Our friend gelignite

February 16th, 1917

Diary of Captain T.E. Lawrence

Today I held an impromptu class entitled Our Friend Gelignite. I wanted to explain to Browntrout and Stanley how to lay railway charges in the simplest possible language — using pictograms if possible. I told them that gelignite was like a very special dough, but instead of yielding leavened bread, mangled steel and disrupted supply lines were the results when this special “dough” rises. I held the detonator in one hand and said “DET-ON-AT-TOR.” Browntrout reminded me that he and Stanley both understand English quite well. After completing my demonstration, I allowed them to give it a go. Their attempts were both crude and clumsy. Stanley squeezed too hard on a detonator and it blew up in his paw, but because he is built of studier material than us homo sapiens, it did no damage. Meanwhile, Browntrout was molding elaborate sculptures out of the gelignite. I had to remind him that he wasn’t Michelangelo, and that he was here to destroy God’s creations, not to venerate them. I have absolutely no hope for these two. At least they are trying to fit in a little. Although they make a ridiculous sight, they both wear Keffiyehs and agals — atop their British uniforms. It’s a beginning. Of sorts.

February 18th, 1917

Diary of Captain T.E. Lawrence

We reached the target area before dawn. There was a bend in the Hejaz Railway around some jagged cliffs, which were split by a ravine 100 yards from the tracks — a perfect nook for the Maxim (captured from a German supply depot), though one with no escape, should anything go wrong. Browntrout, Auda, Stanley and I set about laying the mines. I supervised the odd pair closely and found to my surprise that even the large, unwieldy paws of the Stanley were handling the detonators, cord and explosiveness with more deftness and surety than before. After the mines were buried, we retreated to our positions. I put Stanley and Browntrout on the Maxim because I knew they had prior experience with light machine guns and I didn’t trust Stanley with close quarters combat, lest his bestial nature overtake him and he kill or maim indiscriminately, or slaughter our prisoners after their surrender.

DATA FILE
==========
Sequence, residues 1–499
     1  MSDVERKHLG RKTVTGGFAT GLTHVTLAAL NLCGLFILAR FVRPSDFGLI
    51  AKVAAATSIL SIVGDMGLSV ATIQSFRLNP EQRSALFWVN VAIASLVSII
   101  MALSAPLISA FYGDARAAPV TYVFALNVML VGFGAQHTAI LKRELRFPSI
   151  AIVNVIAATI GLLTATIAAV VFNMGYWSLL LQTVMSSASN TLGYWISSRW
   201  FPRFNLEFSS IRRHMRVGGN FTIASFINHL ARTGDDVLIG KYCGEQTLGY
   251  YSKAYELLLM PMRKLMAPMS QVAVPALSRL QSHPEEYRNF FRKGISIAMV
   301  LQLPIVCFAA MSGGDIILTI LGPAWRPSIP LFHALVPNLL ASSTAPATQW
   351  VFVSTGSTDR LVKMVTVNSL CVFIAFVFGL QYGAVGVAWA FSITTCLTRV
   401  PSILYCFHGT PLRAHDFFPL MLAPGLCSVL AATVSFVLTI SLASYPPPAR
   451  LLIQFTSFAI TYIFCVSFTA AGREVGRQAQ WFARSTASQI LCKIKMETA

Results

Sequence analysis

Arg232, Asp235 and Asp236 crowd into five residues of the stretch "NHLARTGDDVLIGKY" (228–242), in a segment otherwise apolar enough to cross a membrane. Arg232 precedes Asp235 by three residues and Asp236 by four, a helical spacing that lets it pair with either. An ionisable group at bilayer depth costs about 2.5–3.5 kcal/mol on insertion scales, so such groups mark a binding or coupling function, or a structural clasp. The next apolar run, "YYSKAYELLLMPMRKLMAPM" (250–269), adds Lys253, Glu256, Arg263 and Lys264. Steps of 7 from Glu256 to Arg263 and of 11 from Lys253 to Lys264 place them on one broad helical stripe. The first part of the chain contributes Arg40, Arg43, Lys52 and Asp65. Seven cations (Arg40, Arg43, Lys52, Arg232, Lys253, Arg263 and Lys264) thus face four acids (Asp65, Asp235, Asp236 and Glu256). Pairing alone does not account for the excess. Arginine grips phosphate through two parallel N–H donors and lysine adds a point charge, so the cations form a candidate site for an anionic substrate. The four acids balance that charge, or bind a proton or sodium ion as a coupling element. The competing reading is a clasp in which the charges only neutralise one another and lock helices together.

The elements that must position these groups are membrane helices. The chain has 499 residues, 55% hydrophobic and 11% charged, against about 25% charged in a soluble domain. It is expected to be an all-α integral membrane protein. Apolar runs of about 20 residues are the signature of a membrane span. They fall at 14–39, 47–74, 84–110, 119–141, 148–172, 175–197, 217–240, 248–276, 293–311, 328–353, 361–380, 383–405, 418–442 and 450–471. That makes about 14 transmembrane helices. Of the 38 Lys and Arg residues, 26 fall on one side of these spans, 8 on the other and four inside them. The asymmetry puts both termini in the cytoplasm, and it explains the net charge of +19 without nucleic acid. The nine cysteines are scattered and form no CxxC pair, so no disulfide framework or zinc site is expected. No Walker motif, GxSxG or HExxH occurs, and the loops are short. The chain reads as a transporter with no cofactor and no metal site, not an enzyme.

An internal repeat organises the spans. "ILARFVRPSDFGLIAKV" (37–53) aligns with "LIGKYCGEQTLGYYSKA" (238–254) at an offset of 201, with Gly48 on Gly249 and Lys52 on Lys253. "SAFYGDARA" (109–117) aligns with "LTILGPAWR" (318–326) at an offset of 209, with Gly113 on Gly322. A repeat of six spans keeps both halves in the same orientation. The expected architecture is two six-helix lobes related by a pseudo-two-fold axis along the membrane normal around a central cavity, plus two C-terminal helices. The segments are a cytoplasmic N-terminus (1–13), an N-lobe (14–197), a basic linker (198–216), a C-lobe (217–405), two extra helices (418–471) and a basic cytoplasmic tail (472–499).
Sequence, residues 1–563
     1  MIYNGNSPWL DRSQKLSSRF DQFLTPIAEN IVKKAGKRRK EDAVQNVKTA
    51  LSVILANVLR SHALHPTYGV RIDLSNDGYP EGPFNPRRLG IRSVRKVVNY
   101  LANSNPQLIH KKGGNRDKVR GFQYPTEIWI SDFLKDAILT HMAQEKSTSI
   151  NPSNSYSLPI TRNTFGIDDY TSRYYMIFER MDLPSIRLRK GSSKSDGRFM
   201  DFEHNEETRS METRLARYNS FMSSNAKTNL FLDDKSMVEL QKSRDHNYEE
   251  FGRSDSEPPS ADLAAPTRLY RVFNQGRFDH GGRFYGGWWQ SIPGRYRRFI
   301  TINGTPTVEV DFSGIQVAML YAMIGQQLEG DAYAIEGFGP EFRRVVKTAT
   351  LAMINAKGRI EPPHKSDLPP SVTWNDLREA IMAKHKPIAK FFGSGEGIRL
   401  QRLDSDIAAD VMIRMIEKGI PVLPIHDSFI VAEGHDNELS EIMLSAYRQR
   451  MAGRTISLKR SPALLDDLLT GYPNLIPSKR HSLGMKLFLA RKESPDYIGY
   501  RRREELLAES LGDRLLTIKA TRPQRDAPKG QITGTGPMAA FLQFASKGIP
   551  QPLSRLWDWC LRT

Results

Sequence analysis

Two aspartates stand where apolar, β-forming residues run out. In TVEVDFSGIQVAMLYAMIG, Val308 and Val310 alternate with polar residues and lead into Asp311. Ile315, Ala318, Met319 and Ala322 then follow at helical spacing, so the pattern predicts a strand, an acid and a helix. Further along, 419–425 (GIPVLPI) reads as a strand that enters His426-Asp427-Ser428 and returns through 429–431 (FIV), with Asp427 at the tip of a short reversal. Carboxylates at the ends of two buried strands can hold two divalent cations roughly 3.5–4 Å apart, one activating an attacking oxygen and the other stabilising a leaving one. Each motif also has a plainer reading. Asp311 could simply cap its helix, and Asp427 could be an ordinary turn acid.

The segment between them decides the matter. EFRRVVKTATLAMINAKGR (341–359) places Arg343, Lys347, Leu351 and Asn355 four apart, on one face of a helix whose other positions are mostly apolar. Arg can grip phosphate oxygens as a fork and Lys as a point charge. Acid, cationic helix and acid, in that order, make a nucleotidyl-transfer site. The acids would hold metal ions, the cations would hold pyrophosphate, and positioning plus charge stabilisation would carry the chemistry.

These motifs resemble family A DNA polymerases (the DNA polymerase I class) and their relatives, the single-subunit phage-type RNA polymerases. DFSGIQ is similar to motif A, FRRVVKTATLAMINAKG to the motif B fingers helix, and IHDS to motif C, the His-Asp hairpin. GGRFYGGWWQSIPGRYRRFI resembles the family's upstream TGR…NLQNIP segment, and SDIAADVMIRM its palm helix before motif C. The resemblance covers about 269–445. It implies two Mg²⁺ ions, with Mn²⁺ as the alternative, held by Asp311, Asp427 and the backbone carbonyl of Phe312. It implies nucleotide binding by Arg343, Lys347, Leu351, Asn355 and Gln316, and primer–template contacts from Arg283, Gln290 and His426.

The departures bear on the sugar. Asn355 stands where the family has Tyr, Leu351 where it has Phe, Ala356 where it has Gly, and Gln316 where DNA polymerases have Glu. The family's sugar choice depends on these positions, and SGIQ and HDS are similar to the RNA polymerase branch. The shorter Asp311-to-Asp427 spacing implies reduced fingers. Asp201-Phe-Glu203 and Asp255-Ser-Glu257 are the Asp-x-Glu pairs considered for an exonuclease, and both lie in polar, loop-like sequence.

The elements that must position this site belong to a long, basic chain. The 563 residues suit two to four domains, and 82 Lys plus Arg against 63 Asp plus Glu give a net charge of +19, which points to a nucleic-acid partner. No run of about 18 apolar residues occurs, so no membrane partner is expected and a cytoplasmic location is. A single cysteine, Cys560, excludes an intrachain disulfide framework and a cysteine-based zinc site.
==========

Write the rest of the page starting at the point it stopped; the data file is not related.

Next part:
Shortly after dawn, we heard the vibration of the train approaching and saw puffs of smoke rising from the engine from around the cliffs. Once they were in range I detonated the first mine, which toppled the engine and hurdled wheels and other train fragments dozens of yards in the air. Auda triggered the second, crippling the middle of the train and mangling the tracks. It was a troop transport. After they had a few moments to collect themselves, the men exited the train, not bothering to take up defensive positions. Once the majority seemed to have disembarked, I gave Stanley the signal, and he opened up on them with surgical precision. His fire took out more than half of the troop in less than a minute.

Just then, an open-carriage car rolled up on a side road, parallel to the tracks. It was carrying several Turkish non-commissioned officers. They were heading straight for Stanley and Browntrout. Just as the car reached them, the Maxim jammed. I watched helplessly from the other side of the tracks as the Turks drew their firearms.

There wasn’t time for Stanley and Browntrout to draw their side-arms. Instead, Stanley had a more novel solution I have never seen before or since: He wrenched the jammed ammunition belt out of the chamber of the Maxim and raced toward the Turks’ vehicle, wielding it like a bullwhip. With one swing, he did in their windscreen. By now, Browntrout had his pistol on them and they had their hands in the air, so terrified they were of this beast who could do almost as much damage throwing ammunition as he could firing it out of a gun.

Once Stanley had the Turks dead to rights I thought that was it for those soldiers; they were completely at his mercy. To my surprise he harmed not a hair on their heads — even without Browntrout telling him to back down. Then I recalled the fight in Auda’s tent with Sayid, which Stanley had done nothing to provoke. He had every right to kill Sayid, but he’d barely touched him. Once the melee was finished, Browntrout pulled out his medical kit and went to work on those of the enemy who could be saved (which were not many, so thorough was our operation). I can only imagine what he must have felt as he put his physician’s skills to use toward the men he had just mowed down with Stanley on the Maxim gun. Whatever he thought or felt, he worked feverishly to save them. Stanley was his ready assistant in this, even pushing an overturned train car off of a Turkish soldier that had pinned him to the ground when it went over. Given these displays of valor — which I was admittedly slow to acknowledge — perhaps I had misjudged Browntrout and the Saysquack entirely.

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Dash Fire Diaries

Dash Fire Diaries

Envisioning a past that never was. Step through a surreal portal where objective truth, imagined history and satirical fiction coexist.

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